Say what you will about their toys, but Mattel has to be one of the most mismanaged companies in the toy industry.
Ignoring the Batman/Keldor raffle idiocy for the moment (hey, Mattel, does the phrase "screamingly asinine" mean anything to you?), we can still find plenty of blame to cast their way.
Mattel's intense love of character variations has already been well-documented, and it shows no sign of slowing; the next few He-man series are chock-full of stupid costumes and insipid repaints, while their Justice League line is, predictably, over-run with more of the same.
Of course, those vile repaints might not be such a problem if Mattel knew how to assign a case assortment. The company seems perpetually mystified that no one is buying Urban Assault He-Man or Wild West Skeletor, despite the fact that they're filling 80% of their shipments with the pair. While He-Man and Skeletor gather dust on shelves, the one-per-case figures are the ones customers are actually looking to buy. Evil-Lyn, for instance. She's Skeletor's second in command on the cartoon, but Mattel thinks kids won't be interested? She routinely kicks He-Man's butt! Kids love that!
Sadly, Mattel's new Batman line is going to follow these trends right into the ground. The first assortment features three decent characters - Batman, Robin and the Joker - and three absolutely tedious variations: Martial-Arts Batman, Hydro-Suit Batman and Battle Armor Batman. And of course, the case packs are as imbecilic as anything else: three each of the variants, two Ziplines and only one Robin or one Joker. WTF?!
Of course, the shortpacked Zipline Batman is the best-looking figure. Based on Batman's current comicbook look, he's wearing his grey costume and the utility belt with pockets instead of capsules. Really, that old-style belt never made any sense to me; how is he supposed to be able to store any equipment in a glorified lipstick tube?
There's no yellow around the bat on his chest, which a lot of writers and artists seem to prefer. Personally, I never saw any problem with the lighter element; the bat is a target, designed to draw focus away from his head - it should be brighter. But current style has the bat insignia flying solo, so that's what the figure represents.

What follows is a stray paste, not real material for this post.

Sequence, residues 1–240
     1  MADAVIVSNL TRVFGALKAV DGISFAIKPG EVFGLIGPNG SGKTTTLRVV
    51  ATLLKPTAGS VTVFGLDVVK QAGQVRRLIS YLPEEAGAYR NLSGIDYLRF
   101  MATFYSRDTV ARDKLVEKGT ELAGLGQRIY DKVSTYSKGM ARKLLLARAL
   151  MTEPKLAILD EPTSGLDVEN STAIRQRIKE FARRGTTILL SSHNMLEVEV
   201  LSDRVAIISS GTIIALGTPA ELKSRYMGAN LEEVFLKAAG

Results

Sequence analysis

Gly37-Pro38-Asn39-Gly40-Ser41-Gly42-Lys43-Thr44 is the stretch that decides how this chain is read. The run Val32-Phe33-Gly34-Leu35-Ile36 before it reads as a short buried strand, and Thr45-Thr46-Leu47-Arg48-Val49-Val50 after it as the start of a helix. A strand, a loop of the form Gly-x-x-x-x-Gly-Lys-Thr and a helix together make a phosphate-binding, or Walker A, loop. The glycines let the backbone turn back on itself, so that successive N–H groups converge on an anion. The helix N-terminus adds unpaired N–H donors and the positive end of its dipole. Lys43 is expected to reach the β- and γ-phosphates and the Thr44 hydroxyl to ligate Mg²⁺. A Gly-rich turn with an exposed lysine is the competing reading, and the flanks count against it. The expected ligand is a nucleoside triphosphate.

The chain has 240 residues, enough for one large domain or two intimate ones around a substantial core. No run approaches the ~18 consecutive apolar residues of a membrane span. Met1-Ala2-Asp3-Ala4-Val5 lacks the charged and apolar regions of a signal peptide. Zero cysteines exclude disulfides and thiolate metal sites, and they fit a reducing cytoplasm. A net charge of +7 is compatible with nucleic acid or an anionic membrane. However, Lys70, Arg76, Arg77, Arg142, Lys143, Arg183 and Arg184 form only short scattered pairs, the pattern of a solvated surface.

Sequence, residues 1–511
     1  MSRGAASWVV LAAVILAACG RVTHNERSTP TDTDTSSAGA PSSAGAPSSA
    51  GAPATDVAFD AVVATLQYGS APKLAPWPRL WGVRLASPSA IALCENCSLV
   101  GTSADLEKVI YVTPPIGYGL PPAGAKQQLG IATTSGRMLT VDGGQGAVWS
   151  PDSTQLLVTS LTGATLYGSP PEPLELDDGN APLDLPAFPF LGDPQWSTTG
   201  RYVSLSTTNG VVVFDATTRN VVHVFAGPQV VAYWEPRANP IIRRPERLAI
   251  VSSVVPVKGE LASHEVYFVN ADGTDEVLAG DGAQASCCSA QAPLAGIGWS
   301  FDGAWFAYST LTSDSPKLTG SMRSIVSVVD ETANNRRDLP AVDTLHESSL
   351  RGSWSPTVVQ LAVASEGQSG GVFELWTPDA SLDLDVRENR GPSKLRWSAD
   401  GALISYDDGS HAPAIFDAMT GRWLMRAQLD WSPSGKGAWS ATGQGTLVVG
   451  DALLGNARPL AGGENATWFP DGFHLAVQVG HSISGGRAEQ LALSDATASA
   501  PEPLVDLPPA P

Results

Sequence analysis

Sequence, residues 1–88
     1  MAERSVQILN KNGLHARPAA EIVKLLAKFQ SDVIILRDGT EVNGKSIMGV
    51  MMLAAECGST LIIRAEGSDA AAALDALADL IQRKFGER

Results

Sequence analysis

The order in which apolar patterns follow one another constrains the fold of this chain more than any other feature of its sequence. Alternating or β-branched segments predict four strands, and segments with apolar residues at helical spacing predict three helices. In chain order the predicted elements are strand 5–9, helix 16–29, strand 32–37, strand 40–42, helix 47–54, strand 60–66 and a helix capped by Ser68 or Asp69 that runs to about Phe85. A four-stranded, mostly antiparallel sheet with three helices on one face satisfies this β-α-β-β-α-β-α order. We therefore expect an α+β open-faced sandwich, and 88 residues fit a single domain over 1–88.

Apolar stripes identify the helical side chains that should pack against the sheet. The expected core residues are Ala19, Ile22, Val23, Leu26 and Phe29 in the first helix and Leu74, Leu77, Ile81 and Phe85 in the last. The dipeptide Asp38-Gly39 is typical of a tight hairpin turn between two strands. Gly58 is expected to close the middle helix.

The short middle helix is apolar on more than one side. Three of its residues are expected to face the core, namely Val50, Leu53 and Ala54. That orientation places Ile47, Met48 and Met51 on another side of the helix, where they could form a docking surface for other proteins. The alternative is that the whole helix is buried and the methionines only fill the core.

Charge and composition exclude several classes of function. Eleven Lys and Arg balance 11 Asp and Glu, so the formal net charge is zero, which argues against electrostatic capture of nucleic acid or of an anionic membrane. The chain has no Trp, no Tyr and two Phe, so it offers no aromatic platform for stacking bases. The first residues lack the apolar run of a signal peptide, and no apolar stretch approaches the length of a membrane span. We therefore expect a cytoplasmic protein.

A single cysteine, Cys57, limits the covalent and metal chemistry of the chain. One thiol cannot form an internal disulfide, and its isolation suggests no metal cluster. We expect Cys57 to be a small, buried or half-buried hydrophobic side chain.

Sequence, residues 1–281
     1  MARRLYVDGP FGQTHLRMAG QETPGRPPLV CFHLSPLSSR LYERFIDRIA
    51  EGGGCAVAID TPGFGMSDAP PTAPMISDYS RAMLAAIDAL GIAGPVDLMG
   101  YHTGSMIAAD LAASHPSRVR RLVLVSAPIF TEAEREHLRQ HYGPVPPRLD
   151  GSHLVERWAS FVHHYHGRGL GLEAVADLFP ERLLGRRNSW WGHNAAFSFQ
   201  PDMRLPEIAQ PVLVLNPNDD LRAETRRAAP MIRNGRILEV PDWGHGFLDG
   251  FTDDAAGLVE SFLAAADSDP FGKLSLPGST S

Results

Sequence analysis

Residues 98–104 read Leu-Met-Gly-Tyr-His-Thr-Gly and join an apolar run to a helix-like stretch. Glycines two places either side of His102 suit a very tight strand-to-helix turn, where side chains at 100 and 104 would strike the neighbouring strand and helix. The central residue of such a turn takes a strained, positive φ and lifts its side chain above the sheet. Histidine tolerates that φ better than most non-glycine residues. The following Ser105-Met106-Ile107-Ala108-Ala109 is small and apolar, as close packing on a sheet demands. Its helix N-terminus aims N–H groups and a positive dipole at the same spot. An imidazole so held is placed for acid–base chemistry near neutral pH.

Like the under-articulated MotU figures, Batman moves at the neck, shoulders, wrists (in his case, the tops of his gloves), waist, hips and knees. Would it really kill Mattel to give us a bit more, especially since they're charging $8 per figure? Their competition for the superhero action figure market is not only ToyBiz's value-packed Marvel Legends, but also a bit of in-house jostling from DC Direct, which is certainly more expensive but also offers better articulation and paint apps. Plus, DCD is focusing on characters instead of variations.
One area in which Mattel does excel is the sculpt. Handled by the Four Horsemen, the DC line is just as superbly crafted as MotU and the work the guys did for McToys. The poses are fairly straightforward - that's nothing new - which might be part of the Horsemen's style, but might also be a request on the part of Mattel: it's easier to build costume changes for a static figure than it is to work around a dynamic pose.
The paint does nothing to accentuate Zipline Batman's sculpt; he's flat black and grey, with a flat yellow belt. Of course, after Mattel's dubious efforts at black washes and dry brushes, that may be a good thing.
The tips of Batman's ears just clear the 6 1/2" mark, which puts him nearly in scale with both DC Direct and Marvel Legends. His hands are molded from a pliable rubber that allows him to hold his accessories. His cape is molded rubber around the shoulders, with black cloth draped beneath. The bottom edge has the angular bat's wing look that fans demand.
Zipline Batman's accessories are where the figure gets its name: he's got a grappling hook and a free-wheeling pulley from which he can dangle, zooming down toward an enemy below. The hook's launcher, embarrassingly called a Batarang on the package, fires either the hook or another included missile. The handle from which Batman hangs, as well as the anchor at one end of the zipline, both look like actual in-scale Batarangs, so that's at least a small bonus.
I really would have preferred that rather than "Zipline Batman," this figure was just "Batman" and came with some simpler accessories: a real Batarang, maybe some bat-cuffs or that launcher he uses to fire his line across to other buildings. You know, the sort of things that came with the Con Exclusive Silver Age Batman.
The packaging for this Batman line has a nice design. The Batsignal shines in the upper right corner, and the blister above is molded to reflect that shape. Two lines are embossed across the front of the blister, running from the Batsignal down to the lower left to simulate the beam of light that would be stabbing into the night sky from the roof of police headquarters. It's not the most innovative packaging ever, but it is fairly clever and suits the line well.
Enjoy these good Batman selections while you can; the line will soon degenerate into even more ridiculous territory. While Sub-Zero Batman is a nice complement to the very cool Mr. Freeze, there's just no excuse for things like Street Luge Batman. Yes, Street Luge Batman; how I wish I was kidding.
Why would it take to get Mattel caught up with reality? Tell us on our message board, the Loafing Lounge.